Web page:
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Common Plantar Digital Branches of Lateral Plantar Nerve (Left)
Nervous System

Common Plantar Digital Branches of Lateral Plantar Nerve (Left)

Rami digitales plantares communes nervi plantaris lateralis

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Quick Facts

Origin: Superficial branch of the lateral plantar nerve.

Course: Extend distally, from the bases of the metatarsals towards the digits.

Branches: Proper plantar digital nerves.

Supply: Motor innervation to the flexor digiti minimi muscle and the interossei of the fourth intermetatarsal space; Sensory innervation to the lateral aspect of the foot and the skin of the little toe and lateral side of the fourth toe.

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Origin

The common plantar digital branches arise from the superficial branch of the lateral plantar nerve, near the bases of the metatarsal bones. There are usually two common plantar nerves.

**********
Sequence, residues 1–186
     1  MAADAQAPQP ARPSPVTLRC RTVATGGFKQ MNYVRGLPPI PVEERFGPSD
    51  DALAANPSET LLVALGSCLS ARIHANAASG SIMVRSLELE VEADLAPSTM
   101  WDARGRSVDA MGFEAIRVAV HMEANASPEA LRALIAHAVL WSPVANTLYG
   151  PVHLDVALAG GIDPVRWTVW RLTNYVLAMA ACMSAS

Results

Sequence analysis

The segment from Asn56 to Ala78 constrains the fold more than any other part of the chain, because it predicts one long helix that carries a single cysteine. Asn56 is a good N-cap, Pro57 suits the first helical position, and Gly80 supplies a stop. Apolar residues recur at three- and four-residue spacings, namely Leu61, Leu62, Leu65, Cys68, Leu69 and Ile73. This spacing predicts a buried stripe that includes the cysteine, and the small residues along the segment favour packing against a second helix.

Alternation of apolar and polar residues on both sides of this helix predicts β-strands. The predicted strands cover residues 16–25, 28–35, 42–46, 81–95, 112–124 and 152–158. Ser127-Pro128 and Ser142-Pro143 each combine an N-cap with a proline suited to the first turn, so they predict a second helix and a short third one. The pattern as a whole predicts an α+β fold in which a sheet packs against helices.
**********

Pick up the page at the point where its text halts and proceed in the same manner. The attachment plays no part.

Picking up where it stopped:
Course

From the bases of the metatarsals, the lateral-most common plantar digital nerve branch distally, towards the lateral aspect of the little toe. The medial-most common plantar digital branch extends towards the fourth intermetatarsal space.

Branches

The medial-most common plantar digital branch of the lateral plantar nerve gives rise to two proper plantar digital branches, while the lateral-most continues as one proper plantar digital branch.

Supplied Structures

The common plantar digital branches supply sensory innervation for lateral plantar surface of the foot, the little toe and the adjacent aspect of the fourth digit. Additionally, they send motor innervation to the flexor digiti minimi muscle and the interossei of the fourth intermetatarsal space (Standring, 2016).

List of Clinical Correlates

—Morton’s neuroma

References

Standring, S. (2016) Gray's Anatomy: The Anatomical Basis of Clinical Practice. Gray's Anatomy Series 41st edn.: Elsevier Limited.

Learn more about this topic from other Elsevier products

Lateral Plantar Nerve

ScienceDirect image

The lateral plantar nerve is often compared to the ulnar nerve in that it supplies motor branches to the remaining muscles of the lateral plantar aspect of the foot and cutaneous innervation to the lateral one-third of the plantar aspect of the foot.

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